Hi Gingerninja,

I'd like to think it's me who you're missing......

TTP (-;

I think what you are all missing is that we are moving into the Age of Work From Home. The tide is withdrawing from crowded expensive places and washing out to the wop wops.

That big one is still looming for Wellington..

Ditto for almost any area of NZ. Some natural disaster is always winking.

Agreed. I remember speaking to USAR personnel shortly after Christchurch’s first big EQ. They were saying they never dreamed it would happen there. Most of their planning had been centred around Welly’s next big one.

Still remember working on my Geology research back in the late 80s and early 90s around Wairarapa, there are countless of fault lines running along the coast lines. Wouldn't be very nice after a big one.

2 weeks after moving to Welly we had the Kaikoura earthquake, so much of my quest to find the right house was based on earthquake safety. People thought i was nuts (granted I am somewhat nuts) but I sleep better knowing that my house is at lower risk. I still shudder when I drive around Welly and see peoples flimsy older carports precariously clinging on to the side of a hill above their house, knowing full well, even a moderate quake might see that car in the living room below.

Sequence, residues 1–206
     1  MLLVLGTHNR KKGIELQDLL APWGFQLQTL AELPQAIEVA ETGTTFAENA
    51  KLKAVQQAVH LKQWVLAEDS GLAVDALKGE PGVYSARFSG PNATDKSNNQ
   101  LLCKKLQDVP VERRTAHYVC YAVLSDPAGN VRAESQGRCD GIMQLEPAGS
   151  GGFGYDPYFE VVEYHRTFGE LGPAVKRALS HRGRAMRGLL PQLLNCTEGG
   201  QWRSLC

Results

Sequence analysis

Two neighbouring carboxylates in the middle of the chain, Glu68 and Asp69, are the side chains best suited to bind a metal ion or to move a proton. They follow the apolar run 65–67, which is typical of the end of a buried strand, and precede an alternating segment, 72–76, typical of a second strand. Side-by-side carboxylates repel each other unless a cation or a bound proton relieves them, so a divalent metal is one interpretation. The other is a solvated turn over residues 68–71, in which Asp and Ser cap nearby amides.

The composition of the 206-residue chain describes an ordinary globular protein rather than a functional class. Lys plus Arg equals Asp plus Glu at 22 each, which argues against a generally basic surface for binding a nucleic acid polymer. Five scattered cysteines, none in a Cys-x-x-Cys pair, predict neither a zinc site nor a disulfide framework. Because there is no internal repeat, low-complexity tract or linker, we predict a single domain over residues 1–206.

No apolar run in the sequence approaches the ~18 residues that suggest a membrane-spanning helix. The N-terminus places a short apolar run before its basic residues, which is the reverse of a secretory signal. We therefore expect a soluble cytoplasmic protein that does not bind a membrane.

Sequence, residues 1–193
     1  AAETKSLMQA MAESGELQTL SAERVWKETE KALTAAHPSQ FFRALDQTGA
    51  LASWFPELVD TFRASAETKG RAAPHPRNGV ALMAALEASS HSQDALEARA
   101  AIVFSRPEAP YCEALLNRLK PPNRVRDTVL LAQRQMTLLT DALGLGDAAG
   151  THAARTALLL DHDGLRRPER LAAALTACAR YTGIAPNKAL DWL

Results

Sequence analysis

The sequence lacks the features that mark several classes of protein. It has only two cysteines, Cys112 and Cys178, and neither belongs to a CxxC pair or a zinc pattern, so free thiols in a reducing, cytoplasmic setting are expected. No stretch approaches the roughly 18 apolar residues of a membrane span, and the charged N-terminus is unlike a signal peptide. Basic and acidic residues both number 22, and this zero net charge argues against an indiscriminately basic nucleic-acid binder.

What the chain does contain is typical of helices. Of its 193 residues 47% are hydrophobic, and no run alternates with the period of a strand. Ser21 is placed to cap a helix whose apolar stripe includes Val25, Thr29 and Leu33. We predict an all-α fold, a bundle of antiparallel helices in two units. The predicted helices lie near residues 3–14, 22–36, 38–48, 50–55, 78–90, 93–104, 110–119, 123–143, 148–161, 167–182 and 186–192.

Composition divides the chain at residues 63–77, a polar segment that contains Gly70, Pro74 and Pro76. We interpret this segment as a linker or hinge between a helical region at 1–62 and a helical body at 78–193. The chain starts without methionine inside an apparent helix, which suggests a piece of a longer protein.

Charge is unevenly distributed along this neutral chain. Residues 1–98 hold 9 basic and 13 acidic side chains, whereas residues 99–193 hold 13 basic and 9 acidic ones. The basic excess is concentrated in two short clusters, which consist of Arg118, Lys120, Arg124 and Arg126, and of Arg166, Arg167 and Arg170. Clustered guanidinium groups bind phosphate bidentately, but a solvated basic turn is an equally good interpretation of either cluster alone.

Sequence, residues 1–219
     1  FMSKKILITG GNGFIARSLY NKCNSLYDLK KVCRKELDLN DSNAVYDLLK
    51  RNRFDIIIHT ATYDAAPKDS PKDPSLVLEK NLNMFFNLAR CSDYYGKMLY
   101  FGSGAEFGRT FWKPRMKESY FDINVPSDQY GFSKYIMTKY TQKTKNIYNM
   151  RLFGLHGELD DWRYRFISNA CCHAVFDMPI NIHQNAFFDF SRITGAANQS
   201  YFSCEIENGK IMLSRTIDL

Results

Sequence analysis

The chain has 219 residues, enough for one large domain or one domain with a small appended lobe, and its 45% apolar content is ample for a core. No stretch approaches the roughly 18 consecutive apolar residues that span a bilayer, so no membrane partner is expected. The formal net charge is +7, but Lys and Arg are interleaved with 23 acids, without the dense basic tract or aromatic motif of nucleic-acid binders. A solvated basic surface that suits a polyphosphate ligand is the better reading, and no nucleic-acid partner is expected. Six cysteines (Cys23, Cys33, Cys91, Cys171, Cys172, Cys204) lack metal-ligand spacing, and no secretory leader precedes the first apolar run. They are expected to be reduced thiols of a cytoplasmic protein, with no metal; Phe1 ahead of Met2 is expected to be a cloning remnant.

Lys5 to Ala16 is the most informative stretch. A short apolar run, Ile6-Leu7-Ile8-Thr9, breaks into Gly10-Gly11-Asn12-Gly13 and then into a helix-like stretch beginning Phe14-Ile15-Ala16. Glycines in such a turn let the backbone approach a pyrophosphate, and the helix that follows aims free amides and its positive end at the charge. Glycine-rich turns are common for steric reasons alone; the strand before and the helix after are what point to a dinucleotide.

Indeed. The paintings made and photos taken in the aftermath of the 1855 quake (itself a few short years after the 1848 event) make sobering viewing.

Love the pic. But there's no 'For Sale' sign on the front - er - Lawn. Can you kindly advise agent, location and asking price? Asking for a friend....

That is offshore. If it were in NZ it would have a rusty iron roof, the paint would be peeling, one or more windows boarded up, and a beaten up Falcon sitting on blocks on the 'lawn'. In addition, there would be a RE agent with an open home banner, a 'For Sale' sign listing the features of this dream property, GV $700K, and seeking "offers over $1.2M". Tell your friend that there is 'huge interest, don't miss out'.

"a rusty iron roof, the paint would be peeling, one or more windows boarded up, and a beaten up Falcon sitting on blocks on the 'lawn'"
So, nothing a bit of tinkering in Photoshop can't hide?